S.G.V. Roadster

1912 S.G.V. Two Plus Two Roadster

Offered by Bonhams | Newport, Rhode Island | September 30, 2022

Photo – Bonhams

S.G.V. stood for the last names of company founders Herbert Sternberg, Robert Graham, and Fred Van Tine. The company was based in Reading, Pennsylvania, from 1911 through 1915. Van Tine designed the car, which was based around the ideas of the period Lancia. They were expensive cars in their day and were owned by people with names like Astor and Vanderbilt, not to mention far-flung royalty.

At their peak they were making about 40 cars per month. But not many are left. This one is powered by a 25-horsepower, 3.1-liter inline-four. It’s likely a Model B with some custom coachwork. It has known ownership history since new.

This is the first time, in 110 years, that this car has come up for public sale. It’s got an estimate of $75,000-$125,000. Click here for more info.

Bertone XK150

1957 Jaguar XK150 Coupe by Bertone

Offered by Bonhams | Knokke-Heist, Belgium | October 9, 2022

Photo – Bonhams

Jaguar’s XK120/140/150 series of cars are pretty distinctive, and this looks nothing like them. It actually looks like a Vignale-bodied Ferrari from the mid-1950s. But it is actually an XK150 under there.

The XK150 was built from 1957 through 1961 and was available in three factory body styles and with five different engines. This car was originally powered by the base 3.4-liter inline-six that was rated at 190 horsepower. It now has a 3.8-liter unit underhood. It is one of nine supplied as a bare chassis to coachbuilders, and it is one of three bodied by Bertone.

The car was previously on display at the Blackhawk Museum and was restored in 2020. It’s a one-off mid-1950s beauty with Italian style and British underpinnings. It has a pre-sale estimate of $800,000-$1,000,000. Click here for more info.

Riley Ulster Imp

1934 Riley Nine Ulster Imp

Offered by Bonhams | Chichester, U.K. | September 17, 2022

Photo – Bonhams

The Riley Nine is one of those British cars that pops up everywhere in a variety of forms. They were successful sports cars in their day, with the production run of the Nine lasting from 1926 through 1938. No less than 19 factory styles were offered in that period.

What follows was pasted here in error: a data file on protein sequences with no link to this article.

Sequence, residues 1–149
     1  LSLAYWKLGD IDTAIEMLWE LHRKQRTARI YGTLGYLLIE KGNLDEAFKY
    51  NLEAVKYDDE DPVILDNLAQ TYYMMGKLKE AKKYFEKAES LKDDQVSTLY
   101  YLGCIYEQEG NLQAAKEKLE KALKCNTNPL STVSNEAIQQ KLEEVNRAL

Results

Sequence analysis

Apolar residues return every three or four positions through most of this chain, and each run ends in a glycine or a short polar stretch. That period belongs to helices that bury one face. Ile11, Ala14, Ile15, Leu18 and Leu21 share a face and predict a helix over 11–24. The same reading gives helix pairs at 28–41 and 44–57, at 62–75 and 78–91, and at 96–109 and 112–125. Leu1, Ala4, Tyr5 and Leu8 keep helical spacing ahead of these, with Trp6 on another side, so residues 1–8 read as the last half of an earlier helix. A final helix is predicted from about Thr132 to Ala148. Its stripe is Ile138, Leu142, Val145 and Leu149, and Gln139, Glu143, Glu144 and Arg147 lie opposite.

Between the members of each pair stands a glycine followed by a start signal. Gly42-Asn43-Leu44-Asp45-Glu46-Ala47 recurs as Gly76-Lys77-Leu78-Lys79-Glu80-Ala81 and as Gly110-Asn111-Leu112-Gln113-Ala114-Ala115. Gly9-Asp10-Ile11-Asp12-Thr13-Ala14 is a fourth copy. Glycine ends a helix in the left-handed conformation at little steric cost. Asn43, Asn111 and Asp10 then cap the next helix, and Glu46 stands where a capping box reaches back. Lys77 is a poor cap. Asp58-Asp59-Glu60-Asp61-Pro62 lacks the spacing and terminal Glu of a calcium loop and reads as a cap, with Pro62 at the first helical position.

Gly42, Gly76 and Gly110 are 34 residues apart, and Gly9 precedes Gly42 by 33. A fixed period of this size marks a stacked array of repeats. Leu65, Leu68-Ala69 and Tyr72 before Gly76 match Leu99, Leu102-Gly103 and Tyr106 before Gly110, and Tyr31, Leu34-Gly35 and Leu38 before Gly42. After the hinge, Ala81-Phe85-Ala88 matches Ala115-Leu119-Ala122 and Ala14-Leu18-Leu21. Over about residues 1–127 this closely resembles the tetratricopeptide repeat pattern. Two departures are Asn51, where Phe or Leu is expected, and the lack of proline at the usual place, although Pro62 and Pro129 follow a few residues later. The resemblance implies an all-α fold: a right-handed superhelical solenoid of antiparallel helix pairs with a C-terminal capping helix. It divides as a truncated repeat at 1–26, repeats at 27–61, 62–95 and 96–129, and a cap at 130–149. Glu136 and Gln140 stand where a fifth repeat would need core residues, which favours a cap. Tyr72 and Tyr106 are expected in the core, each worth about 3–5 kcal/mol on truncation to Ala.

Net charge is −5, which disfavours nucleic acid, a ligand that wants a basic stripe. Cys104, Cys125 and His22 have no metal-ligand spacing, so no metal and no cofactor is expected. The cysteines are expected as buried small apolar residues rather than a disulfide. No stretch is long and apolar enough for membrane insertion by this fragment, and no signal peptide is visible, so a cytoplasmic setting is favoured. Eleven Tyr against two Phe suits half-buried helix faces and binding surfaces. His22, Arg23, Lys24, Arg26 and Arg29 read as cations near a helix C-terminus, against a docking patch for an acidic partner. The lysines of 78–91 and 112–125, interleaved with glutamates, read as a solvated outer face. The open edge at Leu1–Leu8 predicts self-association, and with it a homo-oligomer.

In 1927, Riley introduced a sporting, or speed, model called the Brooklands. It featured a low chassis and cycle fenders. Development continued through 1931, at which time they sort of hit a wall before shifting to a new sports model, dubbed the Ulster Imp, after the car’s success in the Ulster Rally. One such car also finished 13th at the 1934 24 Hours of Le Mans.

The Imp featured a short-wheelbase chassis and is powered by a 1.1-liter inline-four. It retained the sporty narrow body, tapered tail, and cycle fenders of its predecessor. Imp production lasted from 1933 through 1935. The cars were capable of about 75 mph. This particular car was purchased new by a one Freddie Clifford, who raced it at Ulster. It then was relocated to South Africa with its second owner. Competition history from that point includes:

  • 1937 South African Grand Prix – 2nd (with Buller Meyer)
  • 1938 South African Grand Prix – 3rd (with Ronnie Richardson)

The car was returned to the U.K. in 2008 for use in historic events. It’s now estimated at $185,000-$210,000. Click here for more info.

Voisin C5

1925 Voisin C5 Faux Cabriolet by Besset

Offered by Bonhams | Chichester, U.K. | September 17, 2022

Photo – Bonhams

Here’s something I did not know: Voisin’s “Cx” naming convention is in honor of his late brother, Charles. The first Voisin, the M1, was actually developed by Andre Citroen and purchased as a design by Voisin before being re-christened the C1.

Fast forward a few models and we have the C5, which was offered between 1923 and 1928. It is powered by a 4.0-liter Knight sleeve-valve inline-four that produced 100 horsepower and could push the car to 78 mph. More impressive is that the car had power-assisted brakes from the factory.

Carrosserie Besset of Annonay, France, provided the faux cabriolet coachwork with a fabric-covered fixed roof with fake landau bars. The story on this car is that it was discovered in France and restored in Switzerland “over a period of years” that is then listed as “1975-2006.” A period of years is perhaps an understatement. In any case, it now has an estimate of $115,000-$150,000. Click here for more info.

Atalanta V12

1938 Atalanta 4.3-Litre V12 Drophead Coupe

Offered by Bonhams | Chichester, U.K. | September 17, 2022

Photo – Bonhams

Atalantas are very good-looking cars that were produced in small numbers by Atalanta Motors of Middlesex between 1937 and 1939. They were designed by Alfred Gough, who had also designed Frazer Nash‘s overhead-cam engine. Most Atalantas were powered by four-cylinder engines, but a few left the factory with a 4.3-liter Lincoln-Zephyr V12.